To the average non-Jewish Christian, why would the festival of Hanukkah be significant?
While it is true that the events of Hanukkah are not part of the Cannon of Scripture, the struggle of the Hasmoneans is the same struggle that is played out in different forms throughout history. That struggle is for those who believe and trust in God to take a stand for Biblical values against what society is trying to desecrate, defame or even to destroy all together.
After the end of the Babylonian captivity, there was a remnant of Jews who returned to the Land of Israel which we read about in books such as Ezra and Nehemiah. This restoration of the Jews to their Land did not include an independent state, but a form of limited self-government along with a continued dominance of the empires of their time. When the Babylonian and Persian empires declined, the Greek empire under Alexander the Great filled the power vacuum. With the Greeks in control, the Jews living in Israel came under increasing pressure to assimilate with Greek culture and adopt their ways. The culturally dominant Greeks viewed Biblical beliefs as outdated. By forcing everyone to adopt Greek culture and values there would be peace within the empire. It was very similar to the secular worldview of today which holds that wars are caused by ‘religious people’ who have no tolerance for others. The false conclusion is that if ‘religious’ people would be less ‘intolerant’ and more “open-minded, everyone could live in peace.
The Greek oppression through laws and government against Biblical values reached a place of public desecration of all the traditions which the Jews held to be holy. Many laws like the sacrifice of pigs on the altar at the Temple of Jerusalem and outlawing the study of Scripture finally brought about open rebellion against the Greeks and their rule. In 165 B.C. the Hasmonean family of Mattityahu the High Priest and his son Judah organized a revolt leading to the eviction of the Greeks from Judea and restoring Jewish control over the Temple at Jerusalem. But in the process of the purification of the Temple for worship, they found only one day’s worth of oil to light the menorah of the Temple. Miraculously the oil lasted eight days, enough time to get new oil for the worship in the Temple. This is commemorated by the lighting of the candles during the days of the feast of Hanukkah.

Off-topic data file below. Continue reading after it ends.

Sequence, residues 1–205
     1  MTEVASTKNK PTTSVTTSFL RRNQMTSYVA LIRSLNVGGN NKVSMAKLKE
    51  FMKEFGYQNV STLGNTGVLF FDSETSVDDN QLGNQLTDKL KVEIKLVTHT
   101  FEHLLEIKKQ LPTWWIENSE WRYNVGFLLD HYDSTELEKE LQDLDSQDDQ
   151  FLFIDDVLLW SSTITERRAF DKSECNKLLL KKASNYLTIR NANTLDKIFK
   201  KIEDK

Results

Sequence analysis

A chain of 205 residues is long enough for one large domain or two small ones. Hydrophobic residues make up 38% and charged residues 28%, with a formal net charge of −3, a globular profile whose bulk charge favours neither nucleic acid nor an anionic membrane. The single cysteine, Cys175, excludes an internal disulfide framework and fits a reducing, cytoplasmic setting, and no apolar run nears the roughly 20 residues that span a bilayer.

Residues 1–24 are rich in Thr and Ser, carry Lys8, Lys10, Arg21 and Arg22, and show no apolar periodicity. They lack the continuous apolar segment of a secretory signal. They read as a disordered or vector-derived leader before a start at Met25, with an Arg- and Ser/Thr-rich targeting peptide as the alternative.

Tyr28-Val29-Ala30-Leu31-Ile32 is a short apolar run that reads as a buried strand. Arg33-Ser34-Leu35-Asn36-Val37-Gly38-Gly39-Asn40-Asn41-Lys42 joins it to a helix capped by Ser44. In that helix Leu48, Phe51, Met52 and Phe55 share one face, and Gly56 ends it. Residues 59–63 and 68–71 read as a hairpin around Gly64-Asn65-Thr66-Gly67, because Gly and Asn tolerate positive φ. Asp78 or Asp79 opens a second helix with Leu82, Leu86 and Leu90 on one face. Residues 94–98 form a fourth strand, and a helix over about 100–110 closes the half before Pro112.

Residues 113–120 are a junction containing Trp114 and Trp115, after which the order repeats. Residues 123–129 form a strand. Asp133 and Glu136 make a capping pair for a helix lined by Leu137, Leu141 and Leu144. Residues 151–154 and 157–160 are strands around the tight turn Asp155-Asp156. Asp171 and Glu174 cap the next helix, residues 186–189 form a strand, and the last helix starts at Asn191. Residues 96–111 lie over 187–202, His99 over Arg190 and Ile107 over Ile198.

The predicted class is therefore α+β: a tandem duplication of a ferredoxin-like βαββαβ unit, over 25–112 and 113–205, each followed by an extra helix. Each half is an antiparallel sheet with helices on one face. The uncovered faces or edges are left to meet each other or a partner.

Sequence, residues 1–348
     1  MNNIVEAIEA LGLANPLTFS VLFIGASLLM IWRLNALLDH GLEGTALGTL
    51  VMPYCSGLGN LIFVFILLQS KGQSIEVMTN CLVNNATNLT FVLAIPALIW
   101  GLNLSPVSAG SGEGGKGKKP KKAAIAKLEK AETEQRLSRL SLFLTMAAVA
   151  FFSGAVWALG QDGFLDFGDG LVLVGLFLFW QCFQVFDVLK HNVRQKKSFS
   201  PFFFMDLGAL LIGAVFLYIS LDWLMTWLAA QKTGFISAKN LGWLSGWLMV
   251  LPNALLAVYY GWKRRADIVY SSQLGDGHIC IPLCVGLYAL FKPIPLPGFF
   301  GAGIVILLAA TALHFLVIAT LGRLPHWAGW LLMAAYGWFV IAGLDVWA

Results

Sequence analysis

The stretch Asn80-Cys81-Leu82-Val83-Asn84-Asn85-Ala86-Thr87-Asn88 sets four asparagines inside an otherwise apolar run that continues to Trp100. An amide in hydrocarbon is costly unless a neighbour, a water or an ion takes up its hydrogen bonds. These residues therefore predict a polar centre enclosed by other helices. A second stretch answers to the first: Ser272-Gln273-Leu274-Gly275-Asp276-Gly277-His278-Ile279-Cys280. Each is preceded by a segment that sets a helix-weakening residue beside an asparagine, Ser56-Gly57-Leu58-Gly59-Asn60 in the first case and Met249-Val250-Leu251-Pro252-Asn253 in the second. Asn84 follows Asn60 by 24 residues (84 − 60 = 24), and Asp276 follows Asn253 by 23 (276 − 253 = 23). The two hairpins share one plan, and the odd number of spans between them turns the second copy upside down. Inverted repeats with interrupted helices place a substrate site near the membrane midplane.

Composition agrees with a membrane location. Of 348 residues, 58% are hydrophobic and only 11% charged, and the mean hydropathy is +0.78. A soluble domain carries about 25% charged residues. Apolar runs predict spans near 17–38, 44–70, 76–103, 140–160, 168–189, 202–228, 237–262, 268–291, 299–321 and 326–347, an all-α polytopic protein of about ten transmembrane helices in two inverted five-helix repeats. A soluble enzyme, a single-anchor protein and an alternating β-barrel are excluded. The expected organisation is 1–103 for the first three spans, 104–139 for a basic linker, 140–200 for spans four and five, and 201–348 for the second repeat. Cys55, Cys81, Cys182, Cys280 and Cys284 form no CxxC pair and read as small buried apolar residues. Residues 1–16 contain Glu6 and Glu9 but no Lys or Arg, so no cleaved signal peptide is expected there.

We know that almost 200 years later, the Jews still commemorated the liberation because the Gospel of John mentions Jesus in Jerusalem during the festival of Hanukkah:
“Now it was the Feast of Dedication in Jerusalem, and it was winter. And Jesus walked in the temple, in Solomon’s porch. Then the Jews surrounded Him and said to Him, “How long do You keep us in doubt? If You are the Christ, tell us plainly.” (John 10:22-24, NKJV)
In our day, we must remember that the struggle of man for the freedoms we enjoy ought not to be taken for granted. There is a war of culture going on, and wherever we live, we have a part to play in maintaining Biblical values and the freedom to worship God. The blessings we may enjoy now because of Biblical foundations our society was founded on, can easily erode away without our realization that it has even happened.
What is your calling? How are you engaged in this battle to hold on to Biblical values?
In this Feast of Dedication (Hanukkah), is God placing a call on you to be involved? To use your time, energy and resources to bring an advancement of His Kingdom?
Don’t sit on the sidelines of this battle. Let God lead you into an adventure of being available to be of service in His higher calling.
May His light shine on your path as you answer His call.